Can You Get Fluoroquinolone Arthritis?

 

Can you get Fluoroquinolone Arthritis from taking drugs such as Levaquin, Cipro and Avelox? The Quinolone and Fluoroquinolone family of antibiotics, which are prescribed more than 20 million times a year, have been blamed for a wide variety of illnesses, with a huge amount of case studies, research, and FDA reports to back up these claims. But can antibiotics really create a drug-induced arthritis?

Fluoroquinolone Drugs Damage Connective Tissue

Fluoroquinolone drugs are extremely damaging to connective tissue, which have caused them to be banned from being given to children, teens, and pregnant women, and was first discovered by giving Levaquin to Dogs. It’s this well-accepted and well-known tendency to damage connective tissue that also causes the undisputed side effect of  Tendon Rupture and Tendonitis from Fluoroquinolone Drugs, which puts Athletes Taking Cipro and Levaquin at extremely high risk of injury. New research even shows that the risk of a deadly vascular condition called an Aortic Aneurysm is doubled because of these drugs’ tendency to damage collagen.

It’s this same tendency to damage connective tissue that also can trigger or exacerbate arthritis. Joints depend on smooth intact connective tissue in the joint capsule in order to move smoothly, but the Fluoroquinolones can disrupt the growth and turnover of the connective tissue in the joint capsules, which can lead to the pain, swelling, and even joint damage that has been reported to the FDA by thousands of people.

Indeed, studies on dogs have reported a decreased amount of growth and an increased amount of damage to connective tissue in laboratory settings.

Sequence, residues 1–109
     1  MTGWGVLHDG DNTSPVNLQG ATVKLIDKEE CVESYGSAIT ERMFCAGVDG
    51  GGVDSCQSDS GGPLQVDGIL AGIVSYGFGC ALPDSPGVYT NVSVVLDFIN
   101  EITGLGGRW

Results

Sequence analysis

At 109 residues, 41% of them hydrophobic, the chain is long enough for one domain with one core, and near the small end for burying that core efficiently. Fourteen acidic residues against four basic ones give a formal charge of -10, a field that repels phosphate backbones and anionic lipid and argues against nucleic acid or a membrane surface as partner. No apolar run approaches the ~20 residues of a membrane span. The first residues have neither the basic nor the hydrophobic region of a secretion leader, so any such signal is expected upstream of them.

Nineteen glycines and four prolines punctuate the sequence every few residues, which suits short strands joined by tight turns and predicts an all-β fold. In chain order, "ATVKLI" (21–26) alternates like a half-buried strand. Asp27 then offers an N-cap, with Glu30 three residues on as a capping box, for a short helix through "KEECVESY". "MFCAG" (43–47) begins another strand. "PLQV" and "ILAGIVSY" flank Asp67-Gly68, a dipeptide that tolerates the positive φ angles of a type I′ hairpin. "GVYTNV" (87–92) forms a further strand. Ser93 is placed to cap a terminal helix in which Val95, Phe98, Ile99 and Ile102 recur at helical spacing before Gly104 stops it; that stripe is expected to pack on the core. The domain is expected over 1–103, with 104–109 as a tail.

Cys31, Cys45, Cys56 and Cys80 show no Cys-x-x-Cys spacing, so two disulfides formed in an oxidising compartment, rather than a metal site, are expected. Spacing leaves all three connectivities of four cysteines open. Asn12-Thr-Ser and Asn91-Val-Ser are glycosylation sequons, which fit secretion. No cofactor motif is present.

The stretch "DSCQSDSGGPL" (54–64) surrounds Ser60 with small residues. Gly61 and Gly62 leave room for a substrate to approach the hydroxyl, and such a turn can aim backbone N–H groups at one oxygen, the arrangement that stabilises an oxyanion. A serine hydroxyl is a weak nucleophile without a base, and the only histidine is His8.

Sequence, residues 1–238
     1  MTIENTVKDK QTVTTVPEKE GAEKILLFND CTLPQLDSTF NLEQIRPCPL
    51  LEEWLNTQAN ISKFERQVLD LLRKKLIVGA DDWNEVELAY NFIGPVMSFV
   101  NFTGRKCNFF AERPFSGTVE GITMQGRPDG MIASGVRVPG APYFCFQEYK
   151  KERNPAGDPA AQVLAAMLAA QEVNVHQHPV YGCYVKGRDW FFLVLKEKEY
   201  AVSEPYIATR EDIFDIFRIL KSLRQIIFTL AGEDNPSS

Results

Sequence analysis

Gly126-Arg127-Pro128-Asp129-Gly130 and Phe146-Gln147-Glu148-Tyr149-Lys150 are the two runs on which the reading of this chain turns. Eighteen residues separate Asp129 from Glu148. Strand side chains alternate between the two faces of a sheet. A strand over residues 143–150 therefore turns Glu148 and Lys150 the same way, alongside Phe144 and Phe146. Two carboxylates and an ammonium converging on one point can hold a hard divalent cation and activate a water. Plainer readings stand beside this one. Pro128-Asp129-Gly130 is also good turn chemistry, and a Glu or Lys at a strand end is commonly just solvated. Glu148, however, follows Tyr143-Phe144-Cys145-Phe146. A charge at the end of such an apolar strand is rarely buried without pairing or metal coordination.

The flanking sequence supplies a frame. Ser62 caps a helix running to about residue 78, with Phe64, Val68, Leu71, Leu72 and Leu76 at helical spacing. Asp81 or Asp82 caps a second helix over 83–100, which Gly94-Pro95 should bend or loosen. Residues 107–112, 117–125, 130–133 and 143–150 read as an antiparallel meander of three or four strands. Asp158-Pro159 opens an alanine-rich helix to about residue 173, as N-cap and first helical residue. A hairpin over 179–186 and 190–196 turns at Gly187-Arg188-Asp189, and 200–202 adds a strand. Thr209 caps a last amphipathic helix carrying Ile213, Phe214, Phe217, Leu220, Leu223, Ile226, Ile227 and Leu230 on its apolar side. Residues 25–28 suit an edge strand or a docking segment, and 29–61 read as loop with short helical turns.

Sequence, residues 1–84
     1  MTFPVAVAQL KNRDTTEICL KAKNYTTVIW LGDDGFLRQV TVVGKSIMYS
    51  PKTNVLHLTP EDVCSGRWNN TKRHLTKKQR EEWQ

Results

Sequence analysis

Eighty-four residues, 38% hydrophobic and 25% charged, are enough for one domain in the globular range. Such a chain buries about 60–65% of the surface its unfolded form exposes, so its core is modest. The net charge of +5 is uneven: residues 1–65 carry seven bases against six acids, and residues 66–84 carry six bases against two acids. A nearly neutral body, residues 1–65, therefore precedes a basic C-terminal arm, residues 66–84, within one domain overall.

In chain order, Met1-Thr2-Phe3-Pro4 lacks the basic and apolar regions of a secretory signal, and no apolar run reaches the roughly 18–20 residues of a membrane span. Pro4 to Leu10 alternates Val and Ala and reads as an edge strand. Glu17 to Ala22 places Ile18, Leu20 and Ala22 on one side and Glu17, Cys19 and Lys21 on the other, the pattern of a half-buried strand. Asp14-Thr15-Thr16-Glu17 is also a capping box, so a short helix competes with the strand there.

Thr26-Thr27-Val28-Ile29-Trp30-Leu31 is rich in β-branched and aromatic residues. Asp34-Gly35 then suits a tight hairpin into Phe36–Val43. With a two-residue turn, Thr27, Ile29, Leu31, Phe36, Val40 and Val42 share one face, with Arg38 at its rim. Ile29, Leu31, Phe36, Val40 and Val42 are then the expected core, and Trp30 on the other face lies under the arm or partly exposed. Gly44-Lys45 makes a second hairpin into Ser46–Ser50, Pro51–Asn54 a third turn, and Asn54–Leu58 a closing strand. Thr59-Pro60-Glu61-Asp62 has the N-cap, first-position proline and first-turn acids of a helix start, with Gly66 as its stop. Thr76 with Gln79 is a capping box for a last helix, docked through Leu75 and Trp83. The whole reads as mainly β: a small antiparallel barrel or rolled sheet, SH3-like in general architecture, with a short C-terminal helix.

“Achilles paratenon, and shoulder capsule fibroblasts with ciprofloxacin resulted in a statistically significant 66% to 68% decrease in cell proliferation compared with control cells at day 3 in culture. Ciprofloxacin caused a statistically significant 36% to 48% decrease in collagen synthesis compared with controls in all fibroblast cultures.”1

In fact, there are dozens of studies on dogs and joint problems from the Fluoroquinolone antibiotics. So, make sure that if you have a pet, that you check what kind of antibiotic you are given when you go to the veternarian, as dogs can be severely damaged and even lamed as a direct result of taking these antibiotics.

But do Humans Get Fluoroquinolone Arthritis?

Absolutely they do. Human studies have been incredibly disturbing, showing that Fluoroquinolone induced arthritis is a reality for many who take these drugs.

“In humans, the [cartilage] lesions [caused by the fluoroquinolones]
described are non-erosive symmetric arthropathies that frequently
effect the lower extremities… All quinolones appear to be
chondrotoxic [damaging to the cartilage].”
Drug-induced rheumatic disorders: incidence, prevention and management

Even the FDA, in it’s own documents, admits that, “irreversible cartilaginous lesion[s] can occur” in humans 2, and research studies admit that “fluoroquinolones are toxic to chondrocytes”  3 Considering that millions of prescriptions are written for the drugs like Cipro, Levaquin, and Avelox every year, it’s amazing that more people are not enduring Fluoroquinolone induced arthritis… or are they?

While OFFICIAL studies report joint pain at a mere 1% of patients taking Fluoroquinolones, the fact that in Fluoroquinolone Postmarketing studies, up to 25% of people taking these drugs report joint pain 4. Shockingly, these Antibiotics are Prescribed Unnecessarily 50% of the Time, meaning that at least 1/2 of these people suffering from Fluoroquinolone Arthritis, one in every 2, are suffering unnecessarily due to improper prescribing of the Fluoroquinolones.

Additionally, close to 10% of the elderly suffer from arthritis, and medicine still claims to not understand the causes of chronic arthritis. How do we know that the Fluoroquinolone antibiotics are not at least partially responsible for such a high rate of this painful chronic condition? We certainly can’t know this for sure, but we do know that there are thousands of people who claim that their arthritis was triggered by the Fluoroquinolone antibiotics, and that science tells us that reports of drug induced arthritis from the Fluoroquinolones are common. So, is the arthritis of older age merely a result of getting older? Or could large numbers of elderly merely suffering from unnecessary side effects of antibiotics they were given years before?

 

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